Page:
A deeply felt, obviously deeply personal work, Regina Taylor’s “The Trinity River Plays” can also be deeply powerful, but only in spurts. Fortunately, in this Goodman Theater production (co-produced with the Dallas Theater Center, where the play premiered late last year), superlative performances under Ethan McSweeny’s direction support the drama even as the story becomes less surprising and potent, if still always relatable.
The strong first act, called “Jar Fly,” is the only act of the three that could remotely be imagined as an independent play despite the implication of the title. “Jar Fly” possesses as its climax a decisive turning point in the life of leading character Iris (talented, exceptionally versatile Karen Aldridge), who on her 17th birthday is raped by a trusted uncle.
“Jar Fly” shows off Taylor’s writing at her best, with her tendency to flights of poetic language focused here on a single metaphor – the act’s title refers to cicadas – which emanates from Iris’s curiosity and insecurities and provides for an intense final moment that exposes the character’s psychological trauma.
Act two, “Rain,” takes place 17 years after the first act, as Iris returns home to Dallas following a divorce, and becomes the caretaker for her mother, Rose (Penny Johnson Jerald), as she battles cancer. Even as the two strong, smart women share plenty of love and mutual admiration, neither is willing to share her deepest demons with the other, and the act ends with Iris lamenting her mother’s passing with a wail that seems a release from years of needing but failing to confess her darkest secret to her closest human connection.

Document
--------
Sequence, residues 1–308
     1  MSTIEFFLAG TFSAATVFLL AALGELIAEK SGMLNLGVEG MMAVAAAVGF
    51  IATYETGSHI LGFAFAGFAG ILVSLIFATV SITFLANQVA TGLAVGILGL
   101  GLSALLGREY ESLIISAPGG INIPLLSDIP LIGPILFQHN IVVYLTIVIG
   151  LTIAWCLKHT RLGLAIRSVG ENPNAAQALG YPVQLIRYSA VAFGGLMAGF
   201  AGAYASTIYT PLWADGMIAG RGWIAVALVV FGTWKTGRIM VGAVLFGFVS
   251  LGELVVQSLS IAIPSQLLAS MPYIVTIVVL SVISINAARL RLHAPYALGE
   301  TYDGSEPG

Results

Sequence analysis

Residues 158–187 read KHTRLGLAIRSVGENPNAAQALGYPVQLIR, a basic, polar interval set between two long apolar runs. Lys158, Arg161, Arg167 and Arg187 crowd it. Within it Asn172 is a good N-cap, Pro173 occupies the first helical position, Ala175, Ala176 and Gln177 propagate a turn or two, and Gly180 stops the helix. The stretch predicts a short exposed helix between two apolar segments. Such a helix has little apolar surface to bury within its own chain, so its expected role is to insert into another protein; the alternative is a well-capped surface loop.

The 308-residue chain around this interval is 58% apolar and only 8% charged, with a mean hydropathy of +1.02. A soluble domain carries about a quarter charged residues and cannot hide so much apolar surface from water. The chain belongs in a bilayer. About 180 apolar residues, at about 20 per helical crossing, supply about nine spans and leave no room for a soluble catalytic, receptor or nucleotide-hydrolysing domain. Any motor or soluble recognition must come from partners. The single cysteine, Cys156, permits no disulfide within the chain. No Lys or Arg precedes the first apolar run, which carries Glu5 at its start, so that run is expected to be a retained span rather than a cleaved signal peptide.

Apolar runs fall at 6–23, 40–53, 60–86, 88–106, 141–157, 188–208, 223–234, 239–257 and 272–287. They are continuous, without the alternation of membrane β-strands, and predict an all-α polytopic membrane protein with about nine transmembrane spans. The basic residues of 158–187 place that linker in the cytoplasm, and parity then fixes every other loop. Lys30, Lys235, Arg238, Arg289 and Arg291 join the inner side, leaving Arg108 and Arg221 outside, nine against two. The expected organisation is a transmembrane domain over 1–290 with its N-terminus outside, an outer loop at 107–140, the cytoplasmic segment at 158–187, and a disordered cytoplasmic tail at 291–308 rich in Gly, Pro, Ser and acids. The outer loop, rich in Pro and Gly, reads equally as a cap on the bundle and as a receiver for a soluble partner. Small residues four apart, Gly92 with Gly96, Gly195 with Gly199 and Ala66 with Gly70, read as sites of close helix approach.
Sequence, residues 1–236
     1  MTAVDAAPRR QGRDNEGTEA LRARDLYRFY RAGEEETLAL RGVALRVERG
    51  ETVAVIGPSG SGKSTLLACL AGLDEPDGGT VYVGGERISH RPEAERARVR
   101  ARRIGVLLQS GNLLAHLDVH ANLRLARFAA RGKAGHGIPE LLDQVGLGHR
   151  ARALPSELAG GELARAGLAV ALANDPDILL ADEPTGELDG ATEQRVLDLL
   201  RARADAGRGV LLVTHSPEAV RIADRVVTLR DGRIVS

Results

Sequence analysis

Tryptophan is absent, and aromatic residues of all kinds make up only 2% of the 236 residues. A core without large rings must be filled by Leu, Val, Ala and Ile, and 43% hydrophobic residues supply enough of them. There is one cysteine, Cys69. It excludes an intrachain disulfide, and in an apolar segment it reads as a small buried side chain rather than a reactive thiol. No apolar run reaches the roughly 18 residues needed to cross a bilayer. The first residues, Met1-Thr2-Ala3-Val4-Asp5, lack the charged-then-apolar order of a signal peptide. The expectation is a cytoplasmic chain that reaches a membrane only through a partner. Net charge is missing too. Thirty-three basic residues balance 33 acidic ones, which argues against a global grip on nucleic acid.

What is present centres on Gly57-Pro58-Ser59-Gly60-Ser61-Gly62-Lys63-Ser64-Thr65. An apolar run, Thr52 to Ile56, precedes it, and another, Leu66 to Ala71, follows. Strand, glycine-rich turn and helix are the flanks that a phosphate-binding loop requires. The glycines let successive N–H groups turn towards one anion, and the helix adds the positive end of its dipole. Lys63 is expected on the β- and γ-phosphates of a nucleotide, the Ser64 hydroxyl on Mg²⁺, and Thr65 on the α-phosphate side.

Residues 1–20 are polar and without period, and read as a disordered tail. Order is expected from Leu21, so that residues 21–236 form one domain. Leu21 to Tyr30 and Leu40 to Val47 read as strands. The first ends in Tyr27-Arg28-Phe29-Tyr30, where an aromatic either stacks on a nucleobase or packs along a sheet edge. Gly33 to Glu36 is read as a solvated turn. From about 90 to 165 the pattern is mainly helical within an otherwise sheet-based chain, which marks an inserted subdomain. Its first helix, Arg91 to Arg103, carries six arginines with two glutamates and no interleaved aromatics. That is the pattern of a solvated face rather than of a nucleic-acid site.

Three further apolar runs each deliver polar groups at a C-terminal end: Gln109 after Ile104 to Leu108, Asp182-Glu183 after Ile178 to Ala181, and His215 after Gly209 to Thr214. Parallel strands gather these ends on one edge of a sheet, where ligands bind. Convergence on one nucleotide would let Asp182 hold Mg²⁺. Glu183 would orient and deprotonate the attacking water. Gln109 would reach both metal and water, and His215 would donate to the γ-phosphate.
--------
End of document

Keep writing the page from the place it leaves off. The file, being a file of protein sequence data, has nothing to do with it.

The final act is called “Ghoststory,” so it shouldn’t surprise anyone that Rose returns as a prominent figure as Iris deals with her mother’s loss and applies whatever life lessons she has absorbed to a potential choice between two men, her professor ex-husband Frank (Jefferson A. Russell) or the former basketball player (Samuel Ray Gates) she crushed on as a teenager. It’s here that Taylor gives in to familiar cliches, as the men too literally compete for her affection.
The quality of acting here is stellar. As Iris’s Aunt Daisy, Jacqueline Williams delivers much of the play’s humor, emanating down-to-earth contradictions. And as Daisy’s daughter Jasmine, Christiana Clark manages to make her rebellious and troubled character consistently compelling.
The design work is also notable. Todd Rosenthal’s lovingly detailed A-frame home acknowledges Taylor’s more existential considerations with its exposed ceiling, while very realistically depicting a well-tended home that ages, but gracefully, retaining a sense of familial comfort.